Image from apartment therapy. Here’s just one of their posts about checkered floors.

We had in mind some variation on checkered with charcoal, light gray, and off-white. Then we looked at the samples up close, stepping all over them and sitting on the floor with them for over an hour. It didn’t take long to learn:

– we were drawn to the nostalgia of the linoleum we remember from our school years, and DO NOT WANT marmoleum that looks like faux granite, faux marble, or practically like it has been sponge painted

– while some of the bright colors were appealing, we didn’t like any of the limited offerings that come in click

– this means we either have to get pre-cut 13″ square tiles or sheets, both which have to be installed with glue and (preferably) by a professional

– we also didn’t like any of the offerings that came in 13″ tiles, so no way in hell will we be able to try to do this project ourselves

Honestly, we didn’t care for almost any of it, but I spotted a Dutch Design line and both of us fell instantly love with a bright green (???). There was also a red I really liked, but red just isn’t going to work for what we have in mind.

The patient employees let us take home the samples we settled on: Scrabble (white with black flecks), Galentine (dark gray flecked, looks less granite-y from 5’8″ above the floor), and Painted Fields (that amazing green by Dutch designer Kiki van Eijk, with flecks of pink and dark brown when you look at it up close).

I really believe in putting stuff we love in our house, and the rest of the kitchen is going to be almost entirely white. So we could get away with accents of bright green on our otherwise gray and white floor. I think it could look really sharp, but will it look insane five or ten years from now? And do we want to pay someone lots of money to install this, especially considering it may need to be touched up when we replace the cabinets that are currently touching the floors? Stay tuned. I think the next step is to shop for polyvinyl chloride “linoleum” and see how easily we could install that ourselves and exactly how much money we are talking about.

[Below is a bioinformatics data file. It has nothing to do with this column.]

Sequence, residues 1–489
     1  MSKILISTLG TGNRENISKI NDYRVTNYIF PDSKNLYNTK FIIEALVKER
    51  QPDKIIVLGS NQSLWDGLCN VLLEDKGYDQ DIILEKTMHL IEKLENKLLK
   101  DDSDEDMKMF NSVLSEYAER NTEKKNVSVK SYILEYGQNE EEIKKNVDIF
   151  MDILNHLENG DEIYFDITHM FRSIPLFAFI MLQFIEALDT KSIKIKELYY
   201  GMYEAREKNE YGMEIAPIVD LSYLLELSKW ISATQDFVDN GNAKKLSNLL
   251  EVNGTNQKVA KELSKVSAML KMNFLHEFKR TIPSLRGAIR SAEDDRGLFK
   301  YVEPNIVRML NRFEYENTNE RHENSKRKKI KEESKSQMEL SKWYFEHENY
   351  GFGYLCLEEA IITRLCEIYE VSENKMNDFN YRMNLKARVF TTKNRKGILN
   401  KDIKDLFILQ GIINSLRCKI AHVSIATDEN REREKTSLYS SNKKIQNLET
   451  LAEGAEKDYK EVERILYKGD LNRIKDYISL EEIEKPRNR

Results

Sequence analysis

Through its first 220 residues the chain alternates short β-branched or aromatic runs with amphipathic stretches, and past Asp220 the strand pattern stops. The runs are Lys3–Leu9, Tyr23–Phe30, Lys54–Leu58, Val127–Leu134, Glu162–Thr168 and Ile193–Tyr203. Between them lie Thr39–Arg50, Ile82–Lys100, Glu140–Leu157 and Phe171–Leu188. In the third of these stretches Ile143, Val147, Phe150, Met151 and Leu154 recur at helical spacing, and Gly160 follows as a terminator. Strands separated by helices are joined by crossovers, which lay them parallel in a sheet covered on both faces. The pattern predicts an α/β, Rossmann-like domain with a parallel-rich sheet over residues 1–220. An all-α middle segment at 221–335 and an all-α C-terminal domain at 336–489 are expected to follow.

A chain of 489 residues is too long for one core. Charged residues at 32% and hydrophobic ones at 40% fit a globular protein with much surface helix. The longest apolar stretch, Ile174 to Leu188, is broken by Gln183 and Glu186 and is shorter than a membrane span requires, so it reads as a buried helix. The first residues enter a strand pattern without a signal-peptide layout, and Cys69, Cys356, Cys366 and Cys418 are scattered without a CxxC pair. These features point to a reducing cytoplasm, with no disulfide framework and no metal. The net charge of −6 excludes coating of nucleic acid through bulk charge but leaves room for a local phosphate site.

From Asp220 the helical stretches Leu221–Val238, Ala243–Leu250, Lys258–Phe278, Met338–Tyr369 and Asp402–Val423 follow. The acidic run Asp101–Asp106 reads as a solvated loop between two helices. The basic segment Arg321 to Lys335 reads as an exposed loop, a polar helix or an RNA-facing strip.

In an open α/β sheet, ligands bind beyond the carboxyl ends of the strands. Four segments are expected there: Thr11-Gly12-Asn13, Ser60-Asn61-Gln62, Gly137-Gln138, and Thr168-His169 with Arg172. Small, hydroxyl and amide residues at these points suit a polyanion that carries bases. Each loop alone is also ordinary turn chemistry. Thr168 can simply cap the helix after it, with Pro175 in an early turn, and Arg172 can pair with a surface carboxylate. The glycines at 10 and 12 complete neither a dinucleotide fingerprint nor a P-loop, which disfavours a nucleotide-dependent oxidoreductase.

In the meantime, I have been playing with patterns in Photoshop:


chain links!

I think Jess is leaning toward this:


Filed under goals, home

baby steps

So we bought this new house, right? Okay, it is not really a new house. It is a 75 year-old house, but you know what I mean. When we were house hunting we quickly learned that no house is going to be exactly what we wanted. We have pretty particular tastes, and no house is perfect for us down to every piece of trim and window sill and door knob. We also quickly learned that prioritizing the location of our house put most of the truly amazing houses way out of our price range. We could have bought a gorgeous old Victorian house if we wanted to commute 45 minutes each way to work, but in the end it was important for us to be in Olympia proper, in the good school district, by the best high school, and near downtown. Did you know the internet has the tools to quickly look up the walkability of an address? This is just one of the many things we researched everytime we found a new listing.

What I am trying to get at here is that our house ain’t perfect. There are things we love, things we like, things we tolerate, and even some things we despise. I finally decided that I couldn’t look at these despicable kitchen cabinet pulls another single day:

But what do we get to replace the pulls on the cabinets when we really don’t like the cabinets themselves? We talked and talked and talked about painting the existing ones white. Ultimately, we are going to have white cabinets in our kitchen. I put my foot down, though. I know that I still will not like these cabinets if they are white, and we would end up spending a lot of time and money and still not love them. They aren’t our style and they don’t maximize the space, which is a precious commodity in our 1100 square foot home. So here lies the dilemma. We had to buy cabinet pulls that will look good on our future dream cupboards as well as our current less desirable ones. And here you have it:



Black milk glass 3″ pulls from D. Lawless Hardware for $3.95 a piece plus the shipping was free! Please excuse the crappy flash photography. I really can’t wait for longer daylight hours.

Now those babies are really going to look awesome on our future cupboards, and in the meantime I don’t have those garish gold monstrosities with faux wooden beads in my face every time I go to pour myself a bowl of Trader Joe’s Organic High Fiber O’s.


Filed under home